Font Size: A A A

Israel & Palestine: Breaking the Silence

Occupation of the Territories: Israeli Soldier Testimonies 2000–2010

by Breaking the Silence
Jerusalem, 431 pp., available at
Agostino Pacciani/Anzenberger/Redux
Sari Nusseibeh, Jerusalem, April 2004

A few weeks ago I was in al-Nabi Salih, a Palestinian village northwest of Ramallah in the occupied West Bank. It wasn’t so easy to get there; the Israeli army had closed off the area on every side, and we literally had to crawl through the olive groves, just beneath one of the army’s roadblocks, before we managed to reach the village. Al-Nabi Salih is a troubled place. The large Israeli settlement of Halamish nearby has taken over nearly half of the village lands, including a precious freshwater spring. Most Fridays there are dramatic confrontations between the soldiers and the villagers protesting this land grab and the other difficulties of life under occupation.

Yet the first thing I saw in al-Nabi Salih was a huge sign in Arabic and English: “We Believe in Non-Violence. Do You?” It was World Peace Day, and speaker after speaker reaffirmed a commitment to peace and to nonviolent resistance to the occupation. Particularly eloquent was Ali Abu Awwad, a young activist who runs a new organization, the Palestinian Movement for Non-Violent Resistance, with its offices in Bethlehem and growing influence throughout the occupied territories. “Peace itself is the way to peace,” he said, “and there is no peace without freedom.”1

All of this is, in some ways, rather new in Palestine, although in his latest book the philosopher Sari Nusseibeh, the president of al-Quds University in Jerusalem, traces an earlier stage of organized Palestinian civil disobedience in the popular struggle of the first intifada in 1988 and 1989, in which he had a significant part. In the more recent past, nonviolent resistance in the form of weekly demonstrations and marches has been a mostly local phenomenon, limited to a few villages between Jerusalem and the coastal plain such as Budrus and then more famously Bil’in, and to some extent to a cluster of villages in the Bethlehem area to the south. These demonstrations are invariably violently suppressed by the army with tear gas, rubber-coated bullets, and, quite often, live ammunition. Sometimes they degenerate into clashes, with stone-throwing from the Palestinian side; at other times, as on the day I was in al-Nabi Salih, the demonstrators manage to maintain discipline in the face of the guns.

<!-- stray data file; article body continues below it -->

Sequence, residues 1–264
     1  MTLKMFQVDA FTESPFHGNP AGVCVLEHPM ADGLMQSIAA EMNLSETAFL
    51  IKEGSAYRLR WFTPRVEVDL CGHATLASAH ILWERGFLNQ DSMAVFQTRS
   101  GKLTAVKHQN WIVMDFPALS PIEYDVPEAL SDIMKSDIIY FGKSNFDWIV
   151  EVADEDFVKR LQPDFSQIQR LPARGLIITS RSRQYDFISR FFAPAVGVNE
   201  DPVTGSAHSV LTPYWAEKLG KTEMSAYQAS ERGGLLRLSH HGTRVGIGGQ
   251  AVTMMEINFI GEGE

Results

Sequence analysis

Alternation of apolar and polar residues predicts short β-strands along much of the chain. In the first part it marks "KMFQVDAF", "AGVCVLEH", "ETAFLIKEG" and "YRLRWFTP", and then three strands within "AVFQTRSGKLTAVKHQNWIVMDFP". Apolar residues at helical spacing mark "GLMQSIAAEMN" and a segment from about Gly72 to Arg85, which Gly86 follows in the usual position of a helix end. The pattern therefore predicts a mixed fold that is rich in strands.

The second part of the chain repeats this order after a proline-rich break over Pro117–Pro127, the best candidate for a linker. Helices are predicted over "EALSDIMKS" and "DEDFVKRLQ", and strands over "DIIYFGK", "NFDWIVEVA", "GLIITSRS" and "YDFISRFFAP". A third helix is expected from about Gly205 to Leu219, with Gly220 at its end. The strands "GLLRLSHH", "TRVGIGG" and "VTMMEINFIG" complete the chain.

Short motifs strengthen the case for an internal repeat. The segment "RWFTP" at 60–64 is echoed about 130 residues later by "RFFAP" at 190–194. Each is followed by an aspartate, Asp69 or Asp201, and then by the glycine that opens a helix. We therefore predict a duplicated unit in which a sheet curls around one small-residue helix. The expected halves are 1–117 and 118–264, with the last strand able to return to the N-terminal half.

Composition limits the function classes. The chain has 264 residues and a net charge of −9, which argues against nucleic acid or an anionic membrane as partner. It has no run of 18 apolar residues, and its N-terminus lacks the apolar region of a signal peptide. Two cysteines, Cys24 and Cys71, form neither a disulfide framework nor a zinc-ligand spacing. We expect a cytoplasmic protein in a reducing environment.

The army has so far kept these protests from spreading beyond the villages in question—in keeping with the general policy of fragmenting, isolating, and fencing in all Palestinian communities in the territories controlled by Israel. Budrus was a success story—really the only one so far; nonviolent protests by the villagers, with women prominently involved and with the support of Israeli and international activists, forced the army to redraw the path of the separation barrier and to restore the lands initially appropriated by the government.2 Bil’in, in contrast, though it has kept up a weekly protest for some six…

This is exclusive content for subscribers only.
Get unlimited access to The New York Review for just $1 an issue!

View Offer

Continue reading this article, and thousands more from our archive, for the low introductory rate of just $1 an issue. Choose a Print, Digital, or All Access subscription.

If you are already a subscriber, please be sure you are logged in to your account.